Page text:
Through their simulations, the engineers also discovered that printing in reduced gravity can cause material to attach to the inner tube of a system, increasing friction and potentially creating extrusion blockages. To work around this problem, the team iteratively modified this section, before coming up with a design that served to improve its heat conduction efficiency and operated at heat up to 400°C.

Finally, once they gathered all their data, the researchers designed a mathematical model, which demonstrated the benefits that introducing a “fuzzy PI control module” would bring to their system. Essentially acting as a failsafe, the device is designed to trip at temperatures of 380°C, improving the accuracy of its thermal control functions, but also preventing overheating and the risk of repair errors.

Having completed their evaluations, engineers are now building a working prototype, which they intend to test in a physical vacuum chamber. In the future, if their printer were to find end-use applications, the team believes it could help “reduce the cost and time of space exploration” by performing repairs “without the need for launches.” additional”.

The Redwire Regolith Print Facility Suite, consisting of Redwire's additive manufacturing facility, as well as lunar regolith simulation printheads, plates and feedstock that will be launched to the International Space Station.  Photo via Redwire.
Redwire has now installed several 3D printing equipment aboard the ISS, including its Regolith Print facility (pictured). Photo via Redwire.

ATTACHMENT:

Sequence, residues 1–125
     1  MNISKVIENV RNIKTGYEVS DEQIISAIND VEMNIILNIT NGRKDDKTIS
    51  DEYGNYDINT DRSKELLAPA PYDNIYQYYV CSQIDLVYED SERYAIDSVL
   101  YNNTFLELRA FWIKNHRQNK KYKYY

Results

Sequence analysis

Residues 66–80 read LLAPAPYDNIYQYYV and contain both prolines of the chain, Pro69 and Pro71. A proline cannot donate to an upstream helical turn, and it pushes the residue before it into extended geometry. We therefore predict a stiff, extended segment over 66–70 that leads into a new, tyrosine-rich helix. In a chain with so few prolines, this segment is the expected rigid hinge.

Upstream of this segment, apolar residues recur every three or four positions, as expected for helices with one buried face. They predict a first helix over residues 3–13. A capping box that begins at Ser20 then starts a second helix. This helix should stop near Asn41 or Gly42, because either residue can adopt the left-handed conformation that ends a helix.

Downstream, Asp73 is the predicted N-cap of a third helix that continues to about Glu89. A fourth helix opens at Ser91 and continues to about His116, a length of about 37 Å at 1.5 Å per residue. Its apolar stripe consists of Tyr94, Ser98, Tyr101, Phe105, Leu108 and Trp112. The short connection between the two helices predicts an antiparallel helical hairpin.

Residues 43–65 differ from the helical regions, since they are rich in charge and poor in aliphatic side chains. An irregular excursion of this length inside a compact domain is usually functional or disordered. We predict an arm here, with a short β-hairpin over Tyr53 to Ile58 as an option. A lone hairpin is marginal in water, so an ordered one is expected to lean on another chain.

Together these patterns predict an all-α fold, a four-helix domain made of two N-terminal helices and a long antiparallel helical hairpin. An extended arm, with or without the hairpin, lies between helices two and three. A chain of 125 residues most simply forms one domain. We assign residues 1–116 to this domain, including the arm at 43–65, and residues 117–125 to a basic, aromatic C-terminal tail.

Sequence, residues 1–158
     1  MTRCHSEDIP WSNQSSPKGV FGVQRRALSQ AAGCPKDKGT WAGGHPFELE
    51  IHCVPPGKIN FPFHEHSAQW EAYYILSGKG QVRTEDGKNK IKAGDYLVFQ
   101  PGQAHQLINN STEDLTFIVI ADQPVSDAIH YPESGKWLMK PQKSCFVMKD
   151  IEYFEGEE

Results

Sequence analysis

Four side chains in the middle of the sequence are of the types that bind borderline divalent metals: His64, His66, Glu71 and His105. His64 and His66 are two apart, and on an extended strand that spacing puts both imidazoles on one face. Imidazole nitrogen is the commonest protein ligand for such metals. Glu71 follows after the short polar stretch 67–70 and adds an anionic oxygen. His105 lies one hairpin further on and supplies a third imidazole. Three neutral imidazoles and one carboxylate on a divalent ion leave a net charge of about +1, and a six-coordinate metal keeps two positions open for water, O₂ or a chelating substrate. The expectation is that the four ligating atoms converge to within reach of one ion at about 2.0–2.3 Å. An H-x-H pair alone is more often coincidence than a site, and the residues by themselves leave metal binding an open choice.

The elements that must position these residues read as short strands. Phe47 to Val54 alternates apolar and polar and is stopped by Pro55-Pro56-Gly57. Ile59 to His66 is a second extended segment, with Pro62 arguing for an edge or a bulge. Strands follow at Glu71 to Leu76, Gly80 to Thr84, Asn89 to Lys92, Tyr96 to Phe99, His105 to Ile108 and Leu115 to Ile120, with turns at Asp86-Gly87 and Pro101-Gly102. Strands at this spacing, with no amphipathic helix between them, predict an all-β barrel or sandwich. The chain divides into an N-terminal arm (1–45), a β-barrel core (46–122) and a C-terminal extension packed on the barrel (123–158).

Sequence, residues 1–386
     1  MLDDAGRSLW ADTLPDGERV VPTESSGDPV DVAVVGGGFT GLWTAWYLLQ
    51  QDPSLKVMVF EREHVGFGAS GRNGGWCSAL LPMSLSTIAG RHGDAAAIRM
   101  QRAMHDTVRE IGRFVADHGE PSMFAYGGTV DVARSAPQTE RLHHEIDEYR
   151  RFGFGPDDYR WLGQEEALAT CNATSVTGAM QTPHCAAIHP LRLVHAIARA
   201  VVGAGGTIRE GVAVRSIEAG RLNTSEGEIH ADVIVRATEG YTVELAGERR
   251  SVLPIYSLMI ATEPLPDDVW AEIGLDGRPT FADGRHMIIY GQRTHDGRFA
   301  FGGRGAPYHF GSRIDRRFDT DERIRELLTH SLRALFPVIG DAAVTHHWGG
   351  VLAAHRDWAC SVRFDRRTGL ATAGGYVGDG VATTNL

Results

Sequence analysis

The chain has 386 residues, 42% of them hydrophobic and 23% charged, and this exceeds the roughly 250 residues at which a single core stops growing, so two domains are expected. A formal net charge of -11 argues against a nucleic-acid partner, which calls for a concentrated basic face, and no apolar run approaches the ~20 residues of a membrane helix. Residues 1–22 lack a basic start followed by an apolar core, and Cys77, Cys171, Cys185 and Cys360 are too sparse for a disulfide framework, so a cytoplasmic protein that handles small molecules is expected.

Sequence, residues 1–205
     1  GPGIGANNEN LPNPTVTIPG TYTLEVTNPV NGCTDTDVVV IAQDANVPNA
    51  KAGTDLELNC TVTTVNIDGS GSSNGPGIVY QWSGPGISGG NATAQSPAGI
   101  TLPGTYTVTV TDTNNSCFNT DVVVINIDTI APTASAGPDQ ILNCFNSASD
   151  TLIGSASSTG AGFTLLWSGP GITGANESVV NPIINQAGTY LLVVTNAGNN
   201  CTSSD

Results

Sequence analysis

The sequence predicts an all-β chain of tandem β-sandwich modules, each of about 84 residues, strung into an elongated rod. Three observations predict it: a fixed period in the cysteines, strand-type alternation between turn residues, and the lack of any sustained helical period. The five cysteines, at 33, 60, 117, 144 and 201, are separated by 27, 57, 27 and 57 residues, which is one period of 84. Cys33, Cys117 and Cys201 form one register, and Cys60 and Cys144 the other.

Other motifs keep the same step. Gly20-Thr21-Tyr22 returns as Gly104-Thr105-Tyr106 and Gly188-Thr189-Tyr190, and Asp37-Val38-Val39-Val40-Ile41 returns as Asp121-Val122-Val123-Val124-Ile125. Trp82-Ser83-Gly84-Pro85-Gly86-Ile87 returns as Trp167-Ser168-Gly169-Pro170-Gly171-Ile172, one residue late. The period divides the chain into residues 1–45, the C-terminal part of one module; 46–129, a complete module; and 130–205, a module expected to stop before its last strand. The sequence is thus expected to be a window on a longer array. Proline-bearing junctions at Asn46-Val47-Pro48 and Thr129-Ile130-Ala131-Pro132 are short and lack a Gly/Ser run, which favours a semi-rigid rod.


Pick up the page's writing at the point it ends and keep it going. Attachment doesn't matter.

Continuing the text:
Ambitious orbital applications of AM

3D printing in space might sound like something out of science fiction, but the technology has already been tested off-planet, aboard NASA’s International Space Station (ISS). One of the leaders in this field is Made In Space, now a subsidiary of Redwire, which last year installed a new ceramic 3D printing module on board the orbital base.

The company’s technology is also set to be installed on Blue Origin and Sierra Space’s upcoming “Orbital Reef” commercial space station. Scheduled for launch by 2026, the new base is expected to serve as a “mixed-use business park,” while hosting Made In Space’s ongoing microgravity R&D and experimental production testing.

Meanwhile, at Munich University of Applied Sciences, researchers have taken a similar approach to the Australian-Chinese team and developed an orbiting satellite 3D printer. Designed to reduce the amount of mission-limiting fuel needed to fire repair equipment into space, the system may in the future be able to build entire solar arrays or antenna-related parts in weightlessness conditions.

The researchers’ findings are detailed in their paper titled “Design by extrusion and thermal control of a 3D printing platform in orbitwhich was co-written by Jianning Tang, Trevor Hocksun Kwan, and Xiaofeng Wu.

To stay up to date with the latest 3D printing news, don’t forget to subscribe to the 3D Printing Industry Bulletin or follow us on Twitter or like our page on Facebook.

For a deeper dive into additive manufacturing, you can now subscribe to our Youtube channel, with discussions, debriefs and photos of 3D printing in action.

Are you looking for a job in the additive manufacturing industry? Visit 3D printing works for a selection of roles in the industry.

Featured image shows a render of a satellite in Lower Earth Orbit (LEO). Image via Made In Space.

Share.

Comments are closed.